The red crossbill makes an appearance
By Susan Campbell
This winter has been quite a season for birders across the Eastern United States. Here in North Carolina, it has been incredible with a variety of unexpected species scattered across the state. A few of them, like the snowy owl on the Outer Banks, were only around for a day. But others have been surprisingly widespread, are persisting and are being found in numbers. One such species is the red crossbill.
This feisty little seedeater with the oddly crisscrossed bill is native to the boreal forest, where conifers are abundant. They are uniquely adapted to pry open the sizable cones of spruces, firs, pines and even the small, compact cones of hemlocks. Crossbills are after the oily, nutrient-rich seeds found within. With short legs and strong feet, they cling easily to not only the bark and branches of the trees they forage on, but to the needles and cones as well.
The challenge for these birds of the North is that the cone crop that they depend on, especially during the colder months, is not predictable. Some years there is more than enough food to sustain them. But in seasons such as this one, red crossbills are forced to migrate much farther south than usual to find enough seed to make it through the winter. They may appear at feeders, especially those with hulled sunflower (referred to as “hearts” or “meats”) that the birds can easily consume.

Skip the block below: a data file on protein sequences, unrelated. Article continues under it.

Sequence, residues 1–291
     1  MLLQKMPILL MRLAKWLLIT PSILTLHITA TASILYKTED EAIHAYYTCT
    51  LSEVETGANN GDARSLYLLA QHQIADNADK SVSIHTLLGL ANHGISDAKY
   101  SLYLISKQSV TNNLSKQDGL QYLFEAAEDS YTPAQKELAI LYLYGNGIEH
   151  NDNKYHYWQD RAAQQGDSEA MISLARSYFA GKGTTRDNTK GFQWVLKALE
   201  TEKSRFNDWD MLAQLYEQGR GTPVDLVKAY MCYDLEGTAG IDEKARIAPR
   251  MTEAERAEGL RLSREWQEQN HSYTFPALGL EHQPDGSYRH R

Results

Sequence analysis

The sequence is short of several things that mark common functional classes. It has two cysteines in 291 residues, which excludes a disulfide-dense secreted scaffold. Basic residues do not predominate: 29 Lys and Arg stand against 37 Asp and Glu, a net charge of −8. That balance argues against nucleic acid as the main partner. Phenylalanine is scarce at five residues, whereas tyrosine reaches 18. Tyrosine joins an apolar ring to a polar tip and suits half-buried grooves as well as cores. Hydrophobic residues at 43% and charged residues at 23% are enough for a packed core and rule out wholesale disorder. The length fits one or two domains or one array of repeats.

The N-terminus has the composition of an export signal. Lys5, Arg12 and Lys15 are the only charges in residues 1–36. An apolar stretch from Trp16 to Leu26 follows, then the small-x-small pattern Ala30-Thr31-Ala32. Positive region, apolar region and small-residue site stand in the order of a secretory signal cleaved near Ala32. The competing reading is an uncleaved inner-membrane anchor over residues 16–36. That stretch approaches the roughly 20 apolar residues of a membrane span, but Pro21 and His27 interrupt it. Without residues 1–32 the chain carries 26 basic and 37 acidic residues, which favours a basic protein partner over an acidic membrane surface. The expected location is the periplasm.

Red crossbills often give themselves away, since they travel in noisy flocks. Their distinctive “jip” calls are unlike any other vocalization you might hear in the winter in central North Carolina. Although the adult males are a bright red-orange color, the females and immature birds are more muted. They may get overlooked as one of our more common finches or sparrows. The streaky brown plumage of a female crossbill might cause confusion: They look very much like our familiar female house finches. So, be sure to look very closely at the bills of all the “little brown jobs” that show up at your feeder. And if you get lucky and spot a crossbill or two, I would love to hear about it.
Interestingly, we do have a small population of red crossbills that breed in the northwestern corner of our state. The habitat on Mount Mitchell is the equivalent of the boreal forests of Canada and northern New England. So, if you don’t happen upon any in the coming weeks, should you find yourself at elevation in the mountains this summer, you may, nonetheless, catch a glimpse of one of these unusual birds. OH
Susan would love to receive your wildlife observations and/or photos at email@example.com.